Routines give meaning to actions and events, while building a memory foundation for other learning. (TSBVI, 2012)
Routines are structured activities with clear beginnings, middles, and ends.
They are carried out the same way with a child until they change or evolve based on the child's needs. The consistent use of routines serves a number of purposes for children and youth who are deaf-blind, especially those who were born deaf-blind. They help children build their communication skills, learn new concepts, access the general education curriculum, and improve interactions and social skills.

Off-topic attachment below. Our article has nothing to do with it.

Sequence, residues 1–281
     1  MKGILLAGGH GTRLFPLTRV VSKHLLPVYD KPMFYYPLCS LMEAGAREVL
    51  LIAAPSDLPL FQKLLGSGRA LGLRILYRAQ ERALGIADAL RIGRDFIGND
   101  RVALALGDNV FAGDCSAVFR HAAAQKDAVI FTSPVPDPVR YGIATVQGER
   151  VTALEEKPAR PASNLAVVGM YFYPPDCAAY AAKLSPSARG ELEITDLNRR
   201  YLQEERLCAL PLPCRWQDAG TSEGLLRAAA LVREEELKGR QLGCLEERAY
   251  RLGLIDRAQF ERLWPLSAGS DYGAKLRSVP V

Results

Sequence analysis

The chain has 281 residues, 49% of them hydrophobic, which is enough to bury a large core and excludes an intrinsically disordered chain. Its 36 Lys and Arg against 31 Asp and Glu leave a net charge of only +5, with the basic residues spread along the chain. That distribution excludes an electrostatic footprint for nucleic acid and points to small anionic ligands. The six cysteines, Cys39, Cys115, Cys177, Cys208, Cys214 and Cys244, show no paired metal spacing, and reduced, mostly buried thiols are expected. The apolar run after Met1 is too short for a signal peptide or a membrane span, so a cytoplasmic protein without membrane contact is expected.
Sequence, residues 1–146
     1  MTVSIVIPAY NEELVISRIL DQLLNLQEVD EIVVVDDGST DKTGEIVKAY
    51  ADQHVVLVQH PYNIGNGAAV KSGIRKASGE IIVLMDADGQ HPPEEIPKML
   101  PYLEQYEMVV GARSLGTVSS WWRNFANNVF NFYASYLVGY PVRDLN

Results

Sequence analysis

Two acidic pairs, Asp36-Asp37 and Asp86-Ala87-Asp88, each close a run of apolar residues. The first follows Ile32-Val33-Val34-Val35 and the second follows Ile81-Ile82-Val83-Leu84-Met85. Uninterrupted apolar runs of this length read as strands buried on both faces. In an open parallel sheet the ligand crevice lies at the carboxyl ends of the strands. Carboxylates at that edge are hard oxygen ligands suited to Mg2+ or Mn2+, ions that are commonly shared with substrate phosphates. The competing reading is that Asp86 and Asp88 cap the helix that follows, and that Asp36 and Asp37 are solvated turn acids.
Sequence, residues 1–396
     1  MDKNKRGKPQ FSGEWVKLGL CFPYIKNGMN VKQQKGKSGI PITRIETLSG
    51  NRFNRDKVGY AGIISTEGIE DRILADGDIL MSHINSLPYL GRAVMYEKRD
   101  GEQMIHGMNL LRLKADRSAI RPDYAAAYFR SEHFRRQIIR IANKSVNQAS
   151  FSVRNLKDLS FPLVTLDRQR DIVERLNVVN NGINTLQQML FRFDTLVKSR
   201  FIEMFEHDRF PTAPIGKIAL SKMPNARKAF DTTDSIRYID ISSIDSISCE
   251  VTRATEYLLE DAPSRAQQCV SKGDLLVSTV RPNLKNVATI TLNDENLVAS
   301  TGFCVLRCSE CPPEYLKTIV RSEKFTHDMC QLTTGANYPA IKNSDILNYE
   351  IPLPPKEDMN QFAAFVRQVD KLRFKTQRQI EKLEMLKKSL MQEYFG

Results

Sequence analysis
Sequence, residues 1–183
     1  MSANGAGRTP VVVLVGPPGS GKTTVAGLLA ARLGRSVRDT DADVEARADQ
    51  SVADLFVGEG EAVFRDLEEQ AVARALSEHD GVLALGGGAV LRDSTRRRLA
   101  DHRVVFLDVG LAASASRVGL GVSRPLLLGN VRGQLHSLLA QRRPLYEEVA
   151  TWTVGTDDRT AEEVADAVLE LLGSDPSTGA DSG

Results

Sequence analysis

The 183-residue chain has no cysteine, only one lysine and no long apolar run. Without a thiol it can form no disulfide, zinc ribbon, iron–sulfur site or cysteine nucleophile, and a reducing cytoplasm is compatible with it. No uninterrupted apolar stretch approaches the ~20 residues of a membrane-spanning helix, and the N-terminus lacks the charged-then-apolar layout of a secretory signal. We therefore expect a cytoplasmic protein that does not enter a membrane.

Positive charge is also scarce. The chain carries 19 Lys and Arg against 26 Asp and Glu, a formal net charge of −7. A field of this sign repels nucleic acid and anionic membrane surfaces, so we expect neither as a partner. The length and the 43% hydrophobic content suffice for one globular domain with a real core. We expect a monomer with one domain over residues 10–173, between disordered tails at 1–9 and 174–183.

They also provide a sense of security and predictability to a child's day by helping them understand what is happening in the here and now and anticipate what is coming. As they learn to use a routine, children "Understand more about the world and it seems a less hostile and frightening place" (Hodges, 2000, p. 169).
See also: Calendar Systems
Hodges, L. (2000). Effective teaching and learning. In S. Aitken, M. Buultjens, C. Clark, J. T. Eyre, & L. Pease (Eds.), Teaching children who are deafblind: Contact, communication, and learning (pp. 167-199). David Fulton Publishers.